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Hip Willie

Center Stage Gives Shakespeare A Hippie Makeover In A Vietnam-War Era Verona

FREE LOVE: Rodney Hicks and Angela Robinson get it on.

By Anna Ditkoff | Posted 3/2/2005

Two Gentlemen of Verona

At Center Stage through March 27

The important thing to remember about this ’70s rock-musical adaptation of Two Gentlemen of Verona is that it is not William Shakespeare’s play with a little bit of singing and dancing thrown in. As Center Stage’s program states, it is merely adapted from the play and makes little pretense of being a faithful rendition. It was written in 1971 by Obie award-winning playwright John Guare (The House of Blue Leaves, Six Degrees of Separation) and Mel Shapiro, with music by Galt MacDermot (Hair), for a tour of New York parks performed out of a truck. So Guare and company intermixed Shakespeare’s dialogue with vernacular songs in English and Spanish, all filled with the sense of whimsy, sexual freedom, and political strife that consumed the era. The result was an irreverent and intriguing take on the play that ended up on Broadway and won a Tony for Best Musical in 1972.

Much of what made Guare’s adaptation a success was that it relishes the absurdity of Shakespeare’s story. While the brightly colored set and almost confectionery costumes of Center Stage’s production suggest that wacky fun will be had by all, the show drags at times. Maybe it was the fact that the company is still soldiering on without its lead, Lisa Datz, who was injured during a preview performance, but for all its supposed wild-and-craziness, Two Gentlemen seems more like it’s pretending to have fun than really having it.

In Shakespeare’s play, Valentine heads to Milan to seek his fortune, leaving his best friend, Proteus, behind in Verona to woo Julia. Proteus wins Julia’s heart, only to be sent to Milan by his father, where he falls in love with Silvia, the Duke’s daughter. Silvia has fallen for Valentine, meanwhile, even though her father wants her to marry his lackey, Thurio. Valentine hatches a plan to save Silvia, jealous Proteus rats Valentine out, and if that wasn’t complicated enough, Julia goes to Milan dressed as a man to find her fickle love. Everyone eventually ends up in the woods, where Proteus tries to rape Silvia (always fun in a comedy), Valentine saves her, then both Valentine and Julia unfathomably forgive Proteus, and just about everyone gets married.

So, you can see, Shakespeare had already set the weirdness bar pretty high. Undaunted, this musical version throws in an inflatable heart, a bear that looks straight out of Disney’s Country Bear Jamboree, an Elvis angel who rides a tiny motorcycle, and a calypso number that’s both totally adorable and too dirty to describe. But Guare’s adaptation offers some serious elements, as well, which ground the production in a contemporary reality. Julia isn’t just jilted, she’s knocked up. The Duke of Milan is sending men to war for, as he himself sings, “who knows what to who knows where.” And Silvia, tired of being everybody’s fantasy girl, steps out of a picture frame to set the guys straight—they must love her, not the idea of her. These moments are deeply affecting and give weight to the overall frothiness of the play.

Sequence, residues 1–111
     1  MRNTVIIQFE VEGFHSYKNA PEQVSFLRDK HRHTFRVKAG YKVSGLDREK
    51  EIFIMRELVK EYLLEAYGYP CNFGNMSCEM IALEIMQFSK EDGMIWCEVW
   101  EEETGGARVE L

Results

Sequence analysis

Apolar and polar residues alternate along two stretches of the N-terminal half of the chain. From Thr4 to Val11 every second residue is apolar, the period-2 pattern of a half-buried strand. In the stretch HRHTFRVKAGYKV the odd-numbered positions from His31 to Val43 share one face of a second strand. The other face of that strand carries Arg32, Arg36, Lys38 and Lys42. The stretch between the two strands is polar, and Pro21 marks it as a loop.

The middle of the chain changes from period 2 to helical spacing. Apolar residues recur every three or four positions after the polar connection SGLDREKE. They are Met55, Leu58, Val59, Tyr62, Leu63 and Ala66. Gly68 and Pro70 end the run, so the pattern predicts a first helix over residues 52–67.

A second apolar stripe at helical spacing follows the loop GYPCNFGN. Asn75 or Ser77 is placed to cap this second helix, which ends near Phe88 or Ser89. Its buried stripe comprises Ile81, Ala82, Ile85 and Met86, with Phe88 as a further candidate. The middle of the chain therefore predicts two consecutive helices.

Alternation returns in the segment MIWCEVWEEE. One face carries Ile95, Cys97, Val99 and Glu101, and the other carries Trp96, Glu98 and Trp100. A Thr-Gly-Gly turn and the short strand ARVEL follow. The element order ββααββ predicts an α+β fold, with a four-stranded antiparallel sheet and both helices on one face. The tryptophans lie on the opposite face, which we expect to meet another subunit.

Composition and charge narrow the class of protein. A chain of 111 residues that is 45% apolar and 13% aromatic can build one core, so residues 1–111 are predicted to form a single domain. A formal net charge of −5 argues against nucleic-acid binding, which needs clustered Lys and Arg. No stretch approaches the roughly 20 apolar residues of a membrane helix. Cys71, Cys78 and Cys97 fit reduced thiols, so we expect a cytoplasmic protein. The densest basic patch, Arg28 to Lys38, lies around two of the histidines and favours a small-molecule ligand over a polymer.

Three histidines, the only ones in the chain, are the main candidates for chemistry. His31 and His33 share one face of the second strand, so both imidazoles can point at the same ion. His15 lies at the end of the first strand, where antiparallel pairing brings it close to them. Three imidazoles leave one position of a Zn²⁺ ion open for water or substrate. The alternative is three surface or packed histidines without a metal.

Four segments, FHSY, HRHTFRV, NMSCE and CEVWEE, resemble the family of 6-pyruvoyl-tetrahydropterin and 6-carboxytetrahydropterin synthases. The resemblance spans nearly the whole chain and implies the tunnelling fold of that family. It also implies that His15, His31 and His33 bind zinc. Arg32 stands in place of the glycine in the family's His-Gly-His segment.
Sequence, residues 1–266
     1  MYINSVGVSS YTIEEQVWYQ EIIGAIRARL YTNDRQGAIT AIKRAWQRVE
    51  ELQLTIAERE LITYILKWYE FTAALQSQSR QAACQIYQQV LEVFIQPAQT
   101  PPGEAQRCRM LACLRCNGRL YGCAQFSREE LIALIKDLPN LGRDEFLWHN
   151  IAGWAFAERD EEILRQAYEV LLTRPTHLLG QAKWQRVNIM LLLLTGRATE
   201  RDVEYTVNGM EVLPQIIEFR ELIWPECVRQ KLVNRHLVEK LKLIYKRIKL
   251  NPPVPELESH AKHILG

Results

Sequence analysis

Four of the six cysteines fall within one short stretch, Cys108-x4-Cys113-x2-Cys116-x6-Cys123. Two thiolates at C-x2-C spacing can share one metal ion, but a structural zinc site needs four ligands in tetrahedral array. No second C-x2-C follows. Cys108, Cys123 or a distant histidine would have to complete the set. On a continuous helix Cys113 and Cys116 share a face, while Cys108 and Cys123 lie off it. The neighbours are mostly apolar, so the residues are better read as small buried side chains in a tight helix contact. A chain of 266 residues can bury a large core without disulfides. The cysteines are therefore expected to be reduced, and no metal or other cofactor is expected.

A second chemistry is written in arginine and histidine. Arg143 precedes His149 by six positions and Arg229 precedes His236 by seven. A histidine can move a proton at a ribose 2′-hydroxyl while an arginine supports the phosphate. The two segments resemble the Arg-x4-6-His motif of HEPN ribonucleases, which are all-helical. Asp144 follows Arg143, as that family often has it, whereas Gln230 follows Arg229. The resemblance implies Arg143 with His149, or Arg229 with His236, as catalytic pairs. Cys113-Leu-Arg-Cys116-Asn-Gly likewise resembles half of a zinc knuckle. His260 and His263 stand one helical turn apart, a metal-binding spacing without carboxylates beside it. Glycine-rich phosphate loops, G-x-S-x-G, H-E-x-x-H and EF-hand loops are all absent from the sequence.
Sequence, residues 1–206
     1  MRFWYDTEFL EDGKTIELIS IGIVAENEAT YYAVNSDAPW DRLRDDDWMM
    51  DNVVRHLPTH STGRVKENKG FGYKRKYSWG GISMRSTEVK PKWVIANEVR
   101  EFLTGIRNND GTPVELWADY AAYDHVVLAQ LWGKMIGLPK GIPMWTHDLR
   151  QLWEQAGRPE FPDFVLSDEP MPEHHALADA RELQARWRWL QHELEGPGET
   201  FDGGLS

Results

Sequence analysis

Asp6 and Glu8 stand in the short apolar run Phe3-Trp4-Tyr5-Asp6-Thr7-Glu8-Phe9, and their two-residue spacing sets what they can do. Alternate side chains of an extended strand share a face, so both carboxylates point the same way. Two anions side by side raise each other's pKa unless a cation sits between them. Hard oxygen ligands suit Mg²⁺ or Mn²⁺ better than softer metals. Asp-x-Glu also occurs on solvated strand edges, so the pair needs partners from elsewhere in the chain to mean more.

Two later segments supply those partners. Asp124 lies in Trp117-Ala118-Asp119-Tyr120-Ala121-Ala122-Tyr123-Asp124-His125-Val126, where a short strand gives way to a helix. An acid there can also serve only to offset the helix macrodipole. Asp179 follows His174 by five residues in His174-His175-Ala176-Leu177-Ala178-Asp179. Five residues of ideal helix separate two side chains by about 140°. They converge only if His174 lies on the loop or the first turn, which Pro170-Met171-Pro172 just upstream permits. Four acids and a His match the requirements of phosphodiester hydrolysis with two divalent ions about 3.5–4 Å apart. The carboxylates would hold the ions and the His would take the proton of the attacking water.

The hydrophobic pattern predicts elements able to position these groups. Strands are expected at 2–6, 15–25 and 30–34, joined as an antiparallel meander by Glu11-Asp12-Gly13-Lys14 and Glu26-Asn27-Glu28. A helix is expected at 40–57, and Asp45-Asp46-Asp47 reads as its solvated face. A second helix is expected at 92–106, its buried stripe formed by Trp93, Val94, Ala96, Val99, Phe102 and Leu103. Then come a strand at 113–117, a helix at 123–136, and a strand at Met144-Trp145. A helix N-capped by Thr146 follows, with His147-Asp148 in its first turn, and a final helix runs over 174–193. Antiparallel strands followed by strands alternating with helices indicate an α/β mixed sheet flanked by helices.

Center Stage plays up the ‘70s vibe with a Day-Glo-colored set that morphs throughout the play, and costumes that mesh petticoats with polyester shirts and bell-bottoms, rendered in colors that nature only uses sparingly. But rather than setting the play firmly in the ’70s, director Irene Lewis mixes retro with contemporary willy-nilly, throwing in laptops and cybercafés. The music itself covers a wide range of styles, too, from groovy Age of Aquarius-style tunes to Motown and calypso. It’s a hodgepodge that never quite comes together, making some numbers show-stoppers while others feel like filler.

And the same can be said for the cast. Ivan Hernandez is fairly bland as Proteus, and while Toni Trucks ably fills the shoes originally meant for Lisa Datz, she and Hernandez never match the energy and chemistry of Rodney Hicks’ charismatic Valentine and Angela Robinson’s show-stealing turn as Silvia. A few actors shine in smaller roles, like Kingsley Leggs’ funny yet imposing Duke of Milan, Kirsten Wyatt’s plucky Lucetta, and Miguel Andres Cervantes’ thoroughly entertaining Thurio. While Center Stage clearly has all the makings of a lively production on its hands, director Lewis needs to pick up the pace and get her whole cast to offer the energy that would make Two Gentlemen the raucous and irreverent party Guare intended.

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